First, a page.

Lecture 13 — Data from Files and Web Pages


  • Files on your computer
    • Opening and reading files (review)
    • Closing (new)
    • Writing files (new)
  • Accessing files across the web
  • Parsing basics
  • Parsing html

Our discussion is only loosely tied to Chapter 8 of the text.

Review — String operations often used in file parsing

Let’s review and go over some very common string operations that are particularly useful in parsing files.

  • Remove characters from the beginning, end or both sides of a string with lstrip, rstrip and strip:

    >>> x = "red! Let's go red! Go red! Go red!"
    >>> x.strip("red!")
    " Let's go red! Go red! Go "
    >>> x.lstrip("red!")
    " Let's go red! Go red! Go red!"
    >>> x.rstrip("red!")
    "red! Let's go red! Go red! Go "
    >>> "    Go red!      ".strip()
    'Go red!'

    Space is the character removed by default.

  • Split a string using a delimiter, and get a list of strings. Space is the default delimiter:

    >>> x = "Let's go red! Let's go red! Go red! Go red!"
    >>> x.split()
    ["Let's", 'go', 'red!', "Let's", 'go', 'red!', 'Go', 'red!', 'Go', 'red!']
    >>> x.split("!")
    ["Let's go red", " Let's go red", ' Go red', ' Go red', '']
    >>> x.split("red!")
    ["Let's go ", " Let's go ", ' Go ', ' Go ', '']

    It returns the strings before and after the delimiter string in a list.

  • Find the first location of a substring in a string, return -1 if not found. You can also optionally give a starting and end point to search from:

    >>> x
    "Let's go red! Let's go red! Go red! Go red!"
    >>> x.find('red')
    >>> x.find('Red')
    >>> x.find('red',10)
    >>> x.find('red',10,12)
    >>> 'red' in x
    >>> 'Red' in x

Opening and Reading Files

  • Given the name of a file as a string, we can open it to read:

    f = open('abc.txt')

    This is the same as

    f = open('abc.txt','r')
    • Variable f now “points” to the first line of file abc.txt.
    • The 'r' tells Python we will be reading from this file — this is the default.
  • We can read in data through three primary methods. First,

    line = f.readline()

    reads in the next line up to and including the end-of-line character, and “advances” f to point to the next line of file abc.txt.

  • By contrast,

    s = f.read()

    reads the entire remainder of the input file as a single string,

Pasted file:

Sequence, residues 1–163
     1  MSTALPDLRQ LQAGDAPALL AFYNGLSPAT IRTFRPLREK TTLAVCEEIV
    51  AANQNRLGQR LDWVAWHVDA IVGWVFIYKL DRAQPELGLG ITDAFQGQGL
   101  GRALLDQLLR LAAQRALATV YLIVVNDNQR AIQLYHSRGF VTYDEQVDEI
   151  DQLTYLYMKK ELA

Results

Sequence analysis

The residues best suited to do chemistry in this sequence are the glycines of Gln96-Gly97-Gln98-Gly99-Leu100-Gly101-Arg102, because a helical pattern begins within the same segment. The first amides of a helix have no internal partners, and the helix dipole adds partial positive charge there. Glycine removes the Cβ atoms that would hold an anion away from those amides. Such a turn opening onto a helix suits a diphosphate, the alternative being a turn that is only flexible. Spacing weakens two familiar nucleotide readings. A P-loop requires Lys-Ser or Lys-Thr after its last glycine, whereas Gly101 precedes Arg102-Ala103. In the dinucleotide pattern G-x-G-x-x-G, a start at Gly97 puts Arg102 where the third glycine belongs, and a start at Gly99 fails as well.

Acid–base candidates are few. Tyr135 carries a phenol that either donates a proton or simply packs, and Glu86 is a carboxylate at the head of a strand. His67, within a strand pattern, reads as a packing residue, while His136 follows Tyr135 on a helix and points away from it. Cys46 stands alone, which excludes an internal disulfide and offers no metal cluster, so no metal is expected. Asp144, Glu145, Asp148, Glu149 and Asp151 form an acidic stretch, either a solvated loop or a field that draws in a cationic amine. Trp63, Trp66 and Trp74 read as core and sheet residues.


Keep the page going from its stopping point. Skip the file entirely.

• storing the one (big) string in s, and
    • advancing f to the end of the file!
  • When you are at the end of a file, f.read() and f.readline() will both return "" (empty string).

Reading the contents of a file

  • The most common way to read a file is as follows:

    f = open('abc.txt')
    for line in f:
        print line
  • This for loop will equivalent to the following:

    f = open('abc.txt')
    for each line in the file:
        line is assigned the string corresponding to the
           contents of the line, including the new line
  • You can combine the above steps into a single for loop:

    for line in open('abc.txt'):

Closing and Reopening Files

  • The code below closes and reopens a file

    f = open('abc.txt')
    # Insert whatever code is need to read from the file
    # and use its contents ...
    f = open('abc.txt')
  • f now points again to the beginning of the file.

  • This can be used to read the same file multiple times.

Writing to a File

  • In order to write to a file we must first open it and associate it with a file variable, e.g.

    f_out = open("outfile.txt","w")
  • The "w" signifies write mode which causes Python to completely delete the previous contents of outfile.txt (if the file previously existed).

  • It is also possible to use append mode:

    f_out = open("outfile.txt","a")

    which means that the contents of outfile.txt are kept and new output is added to the end of the file.

  • Write mode is much more common than append mode.

  • To actually write to a file, we use the write method:

    f_out.write("Hello world!")
    • Each call to write passes only a single string.
    • Unlike what happens when using print, spacing and newline characters are required explicitly
    • The string may be formatted
  • You must close the files you write! Otherwise, the changes you made will not be recorded!!


Part 1 Exercise

  1. Given the file census_data.txt:

    Location    2000    2011
    New York State  18,976,811  19,378,102
    New York City   8,008,686   8,175,133

    What are the value of variables line1, line2, line3, and line4 after the following code executes?

    f = open("census_data.txt")
    line1 = f.readline()
    line2 = f.read()
    line3 = f.readline()
    f = open("census_data.txt")
    line4 = f.readline()
  2. For the same data above, what does the following program produce?

    f = open('census_data.txt')
    s = f.read()
    line_list = s.split('\n')
    print len(line_list)
  3. Write code to print all the lines in the above file except for the header line (the first line).

  4. Given a file containing test scores, one per line, write Python code to write a second file with the scores output in decreasing order, one per line, with the index on each line. For example, if the input file contains:


    then the output file should contain:

    0: 98
    1: 83
    2: 75
    3: 66
    4: 21

    This can be done in 10 or fewer lines of Python code.

Opening Static Web Pages

  • We can use the urllib module to access web pages.

  • We did this with our very first “real” example:

    import urllib